Parallel Sessions 2: 13.00 – 14.00

PAPERS (25 minutes each)

13.00 – 13.25

Chicken Soup for the soul: Promoting well-being and belonging through food and cultural competence skills

Karen Lipsedge and Hilda Mulrooney

Kingston University

Question: What does well-being and belonging in Teaching and L D look like in practice?
Dr Karen Lipsedge, Associate Professor in English Literature and Senior Teaching and Learning Advisor, and Dr Hilda Mulrooney, Associate Professor in Nutrition, Kingston University, London, UK
The presentation will focus on two Kingston University initiatives to develop and enhance students’ sense of well-being and belonging: Cultural Food Stories and Cultural Competence skills workshops.
Food is universal and has cultural and social meanings (Dunbar, 2017). During the physical separation experienced throughout the pandemic, the Cultural Food Stories initiative explored whether recipe and story sharing could enhance staff and student belonging, while simultaneously honouring cultural diversity. Given the importance of belonging in enhancing student learning, engagement and retention (Tinto, 2017), this is highly pertinent. To enhance student success, it is also essential to equip students with the skills they need to appreciate how cultural differences and similarities help to enhance personal and professional interactions rather than to stereotype or marginalise. The Cultural Competence skills initiative creates tailored workshops to support students’ ability to understand and respect their own and others’ cultural background and values. These strategies help to equip our students with the resilience and skills needed to thrive and be successful professionals in their future careers.
We argue that wellbeing and belonging are key tools for developing students learning and can be easily incorporated into educational practice. By inviting diverse students to participate within each of these initiatives, their cultural heritage is not only welcomed but also acknowledged explicitly. Attendees will leave with a practical toolkit to embed our Cultural Food Stories and Cultural Competence skills initiatives as part of their teaching and learning practice and devise associated activities that enhance professional development skills and better support all our students, regardless of background.

Dunbar, R.I.M. (2017) Breaking bread: the functions of social eating, Adaptive Human Behavior and Physiology, 3: 198–211. DOI: 10.1007/s40750-017-0061-4
Tinto, V. (2017). Through the eyes of students. Journal of College Student Retention: Research, Theory & Practice, 19(3), 254-269. DOI: 10.1177/1521025115621917.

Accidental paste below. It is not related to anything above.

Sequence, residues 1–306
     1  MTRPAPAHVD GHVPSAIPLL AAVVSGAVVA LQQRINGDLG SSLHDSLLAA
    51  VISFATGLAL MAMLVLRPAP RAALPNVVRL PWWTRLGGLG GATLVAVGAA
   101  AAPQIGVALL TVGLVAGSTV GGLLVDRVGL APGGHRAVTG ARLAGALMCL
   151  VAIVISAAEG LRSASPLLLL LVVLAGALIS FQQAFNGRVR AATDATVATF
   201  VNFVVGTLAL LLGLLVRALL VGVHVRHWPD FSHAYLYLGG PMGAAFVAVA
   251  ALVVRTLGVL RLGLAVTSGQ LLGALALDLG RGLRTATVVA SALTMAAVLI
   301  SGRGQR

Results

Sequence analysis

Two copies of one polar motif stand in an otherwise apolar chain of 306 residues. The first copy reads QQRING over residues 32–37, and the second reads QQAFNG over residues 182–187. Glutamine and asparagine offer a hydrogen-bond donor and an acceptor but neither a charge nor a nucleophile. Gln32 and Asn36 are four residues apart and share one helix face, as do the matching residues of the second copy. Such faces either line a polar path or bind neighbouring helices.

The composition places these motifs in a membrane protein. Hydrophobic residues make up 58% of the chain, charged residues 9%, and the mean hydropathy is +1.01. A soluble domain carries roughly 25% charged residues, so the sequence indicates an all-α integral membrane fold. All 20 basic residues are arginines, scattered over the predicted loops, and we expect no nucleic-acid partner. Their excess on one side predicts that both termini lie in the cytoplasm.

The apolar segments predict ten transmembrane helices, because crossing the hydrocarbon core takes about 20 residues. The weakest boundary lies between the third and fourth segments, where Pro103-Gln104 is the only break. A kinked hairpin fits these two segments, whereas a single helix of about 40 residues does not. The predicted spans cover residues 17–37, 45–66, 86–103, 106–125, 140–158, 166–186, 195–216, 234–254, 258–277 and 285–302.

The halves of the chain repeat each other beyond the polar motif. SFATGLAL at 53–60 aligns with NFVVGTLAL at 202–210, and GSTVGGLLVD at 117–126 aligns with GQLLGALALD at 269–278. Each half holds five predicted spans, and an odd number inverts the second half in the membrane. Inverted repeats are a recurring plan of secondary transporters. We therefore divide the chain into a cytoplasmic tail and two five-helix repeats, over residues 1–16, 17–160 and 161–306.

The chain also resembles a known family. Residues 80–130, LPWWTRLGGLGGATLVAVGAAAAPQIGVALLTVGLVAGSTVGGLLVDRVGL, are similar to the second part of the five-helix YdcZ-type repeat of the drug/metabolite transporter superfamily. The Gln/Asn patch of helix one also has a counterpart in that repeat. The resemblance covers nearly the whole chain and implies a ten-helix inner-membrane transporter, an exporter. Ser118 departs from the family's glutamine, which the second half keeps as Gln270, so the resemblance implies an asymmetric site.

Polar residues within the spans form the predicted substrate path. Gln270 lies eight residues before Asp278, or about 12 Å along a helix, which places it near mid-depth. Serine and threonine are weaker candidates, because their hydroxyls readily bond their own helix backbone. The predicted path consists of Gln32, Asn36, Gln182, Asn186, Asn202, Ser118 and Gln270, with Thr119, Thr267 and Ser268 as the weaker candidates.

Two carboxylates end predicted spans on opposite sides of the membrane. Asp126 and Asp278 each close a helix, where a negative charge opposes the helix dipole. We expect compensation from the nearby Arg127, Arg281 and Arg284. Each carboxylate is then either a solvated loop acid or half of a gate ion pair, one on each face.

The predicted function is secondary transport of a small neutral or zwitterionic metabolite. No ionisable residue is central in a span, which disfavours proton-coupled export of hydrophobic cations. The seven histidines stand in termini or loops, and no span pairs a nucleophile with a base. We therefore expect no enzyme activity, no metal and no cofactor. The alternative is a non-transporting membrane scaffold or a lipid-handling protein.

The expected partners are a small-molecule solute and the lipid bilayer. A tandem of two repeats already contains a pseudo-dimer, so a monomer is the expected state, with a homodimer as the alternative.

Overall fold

13.35 – 14.00

Understanding arts-based methods for the virtual world of teaching

Selen Kars-Unluoglu and Burcu Guneri-Cangarli

University of the West of England

Arts-based methods which traditionally rely on engagement with material artefacts (e.g. LEGO® bricks, finger puppets, craft materials) have been on the rise in management learning and teaching. However, COVID-19 has challenged educators to adapt these methods to online teaching environments with an impact on learning development. This paper reports on the results of a piece of qualitative research that sought to deepen our understanding of the pedagogy of arts-methods with an aim to explore the effective transferability to online teaching environments. The research setting is a training programme delivered in partnership with two HE institutions (in the UK and Turkey) that introduced learners to arts-based teaching methods and supporting pedagogies by getting learners to experiment with taught techniques to develop their own practice as management educators. The programme was disrupted by COVID-19 forcing educators improvise ways to teach arts-based methods virtually. Drawing on participant observation of six teaching sessions, which employed arts-based teaching online, and 12 qualitative questionnaires and interviews conducted with the educators and learners in these sessions, this paper explores the lived experience of art-based teaching in the virtual world of teaching and learning. The analysis indicated a range of enablers and barriers both for the learners and educators. The enablers ranged from building trust and rapport to providing rich material (handouts and other collateral material) before and during the session. These allowed participants to acquire knowledge and reflect deeply. However, the technical limitations and the physical separation were also highlighted which posed challenges in terms of transference of activities to virtual setting, inability to “read the room” caused by the lack of micro-social interactions in these settings. These limitations got in the way of the “embodied” experience of learning which has implications for learner development. The paper concludes by surfacing questions and reflections into the future of arts-based methods for virtual world of learning development.

Student wellbeing and technostress: critical learning design factors

Debbie Holley and David Biggins

Bournemouth University